Before Facebook, Twitter and numerous other online media sites, sources for news and information were newspapers, radio, and grainy images on roof antenna tuned black & white televisions. To satisfy their curiosity about a certain subject, people made their way to the library, browsed the card catalog, and actually opened books and periodicals. Many a student had a love hate relationship with Encyclopedia Britannica. The closest thing to computer monitors was the microfiche. Endless hours were spent scrolling through screen after screen of ancient images and text. It could be argued that it was a much simpler time; or was it?
Fast forward to the 21st century and the means of obtaining information has changed dramatically. While there’s still print media, radio and television; a vast majority of the information is obtained via online sources. There is no time to comprehend a posting before the next bit of information is online ready to be viewed. Is this need for instantaneous information, a byproduct of man’s technological advancement, doing the world a disservice?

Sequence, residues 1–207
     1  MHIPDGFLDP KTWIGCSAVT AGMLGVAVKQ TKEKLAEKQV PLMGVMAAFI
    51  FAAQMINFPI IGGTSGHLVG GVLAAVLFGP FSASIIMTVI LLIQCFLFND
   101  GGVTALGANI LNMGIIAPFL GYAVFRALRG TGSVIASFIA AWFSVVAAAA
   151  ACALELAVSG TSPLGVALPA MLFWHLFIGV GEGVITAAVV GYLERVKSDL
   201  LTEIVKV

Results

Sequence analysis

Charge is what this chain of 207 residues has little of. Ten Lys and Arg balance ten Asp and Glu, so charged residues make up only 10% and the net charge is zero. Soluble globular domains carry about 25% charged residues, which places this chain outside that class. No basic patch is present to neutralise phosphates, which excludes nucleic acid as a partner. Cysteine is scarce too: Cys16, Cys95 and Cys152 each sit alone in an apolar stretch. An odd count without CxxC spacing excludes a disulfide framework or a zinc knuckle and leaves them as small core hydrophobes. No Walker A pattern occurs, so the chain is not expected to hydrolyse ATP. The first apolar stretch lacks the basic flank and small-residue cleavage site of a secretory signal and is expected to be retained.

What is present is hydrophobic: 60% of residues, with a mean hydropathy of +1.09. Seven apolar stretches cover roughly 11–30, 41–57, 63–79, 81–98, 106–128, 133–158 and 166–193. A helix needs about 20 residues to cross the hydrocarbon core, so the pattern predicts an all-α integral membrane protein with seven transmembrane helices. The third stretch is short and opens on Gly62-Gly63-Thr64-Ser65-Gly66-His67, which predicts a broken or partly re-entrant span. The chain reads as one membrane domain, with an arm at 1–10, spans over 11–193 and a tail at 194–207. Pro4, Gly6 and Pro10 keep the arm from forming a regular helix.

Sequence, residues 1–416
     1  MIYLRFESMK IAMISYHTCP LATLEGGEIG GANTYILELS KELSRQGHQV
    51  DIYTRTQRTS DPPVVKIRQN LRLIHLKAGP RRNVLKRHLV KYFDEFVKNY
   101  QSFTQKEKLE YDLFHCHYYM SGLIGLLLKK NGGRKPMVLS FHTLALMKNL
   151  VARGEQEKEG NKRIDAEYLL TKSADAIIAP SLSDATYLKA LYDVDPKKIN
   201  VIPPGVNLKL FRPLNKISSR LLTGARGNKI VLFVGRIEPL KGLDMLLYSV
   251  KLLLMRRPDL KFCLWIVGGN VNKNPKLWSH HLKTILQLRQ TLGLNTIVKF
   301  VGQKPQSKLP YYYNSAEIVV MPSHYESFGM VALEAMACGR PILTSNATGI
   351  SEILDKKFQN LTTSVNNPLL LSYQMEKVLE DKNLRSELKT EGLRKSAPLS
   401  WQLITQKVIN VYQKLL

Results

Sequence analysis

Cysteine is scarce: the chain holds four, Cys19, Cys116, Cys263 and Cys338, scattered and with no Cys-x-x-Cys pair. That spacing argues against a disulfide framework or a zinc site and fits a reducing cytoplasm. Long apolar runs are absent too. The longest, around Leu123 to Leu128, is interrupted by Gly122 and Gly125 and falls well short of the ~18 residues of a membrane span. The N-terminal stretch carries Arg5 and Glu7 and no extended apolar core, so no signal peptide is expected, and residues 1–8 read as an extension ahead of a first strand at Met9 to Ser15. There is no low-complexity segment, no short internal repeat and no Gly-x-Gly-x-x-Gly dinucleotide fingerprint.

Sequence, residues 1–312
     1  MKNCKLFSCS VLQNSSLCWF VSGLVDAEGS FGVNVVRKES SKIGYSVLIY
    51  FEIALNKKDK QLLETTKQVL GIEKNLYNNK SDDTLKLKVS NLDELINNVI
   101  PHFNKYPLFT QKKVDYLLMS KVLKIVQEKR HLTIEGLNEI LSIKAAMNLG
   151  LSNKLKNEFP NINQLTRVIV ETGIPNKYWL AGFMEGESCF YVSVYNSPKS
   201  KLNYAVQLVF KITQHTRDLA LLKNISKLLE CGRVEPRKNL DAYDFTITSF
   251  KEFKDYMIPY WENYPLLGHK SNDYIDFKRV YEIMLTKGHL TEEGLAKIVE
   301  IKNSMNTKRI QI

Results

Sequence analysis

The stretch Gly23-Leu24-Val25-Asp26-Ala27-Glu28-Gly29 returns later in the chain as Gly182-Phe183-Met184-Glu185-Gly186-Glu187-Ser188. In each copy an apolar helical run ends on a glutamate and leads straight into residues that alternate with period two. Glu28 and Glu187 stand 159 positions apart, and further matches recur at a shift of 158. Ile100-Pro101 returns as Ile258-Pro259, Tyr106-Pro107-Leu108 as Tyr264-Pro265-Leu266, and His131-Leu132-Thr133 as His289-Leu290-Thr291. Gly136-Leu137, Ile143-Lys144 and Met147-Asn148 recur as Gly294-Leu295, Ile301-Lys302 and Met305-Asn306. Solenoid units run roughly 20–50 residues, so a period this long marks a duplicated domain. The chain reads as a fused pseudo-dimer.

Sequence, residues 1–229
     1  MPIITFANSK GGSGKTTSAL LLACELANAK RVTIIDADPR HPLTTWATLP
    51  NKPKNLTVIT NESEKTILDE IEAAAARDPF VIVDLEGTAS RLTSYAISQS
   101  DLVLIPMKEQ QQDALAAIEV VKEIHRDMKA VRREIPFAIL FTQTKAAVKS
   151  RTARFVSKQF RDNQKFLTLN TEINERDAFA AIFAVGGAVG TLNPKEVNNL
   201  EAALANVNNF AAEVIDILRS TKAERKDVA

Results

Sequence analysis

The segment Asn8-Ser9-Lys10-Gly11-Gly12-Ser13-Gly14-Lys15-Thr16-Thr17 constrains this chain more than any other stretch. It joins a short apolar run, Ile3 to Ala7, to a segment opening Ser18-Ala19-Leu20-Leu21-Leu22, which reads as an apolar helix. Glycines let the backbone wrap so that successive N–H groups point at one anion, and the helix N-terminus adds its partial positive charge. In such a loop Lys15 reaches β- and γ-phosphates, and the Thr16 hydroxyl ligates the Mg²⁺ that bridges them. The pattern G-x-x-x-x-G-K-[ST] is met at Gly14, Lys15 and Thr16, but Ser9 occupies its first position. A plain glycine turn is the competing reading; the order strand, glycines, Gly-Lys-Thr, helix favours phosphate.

Imagine how past sporting events would have been perceived if they were transmitted via the Internet. Would the NY Jets' Super Bowl win have been as exciting? How fast would images of the Bill Buckner’s error during the 1986 World Series have trended on Twitter? Would YouTube videos depicting neighborhood children waving at the moon to astronauts in July of 1969 gone viral? Would the massive civil rights, anti-war and equal rights protests have simply been relegated to online petition campaigns such as moveon.org and change.org? If so, would their historic significance have been diminished or increased?
Prior to the Internet, news came at a pace comfortable enough for people to readily absorb it and formulate their own opinions. Information is now received so quickly that many are unable to form objective opinions. The wave of information is streaming to laptops, tablets and smartphones at a record pace. Opinions have become more subjective and from gut instinct.
Granted, the Internet does offer more options than the library of the mid-twentieth century ever could. Even so, how many take the time to Google or Bing a topic prior to posting their commentary? These are questions that should be answered. Can the answers be found before the next breaking news post since the Internet waits for no one?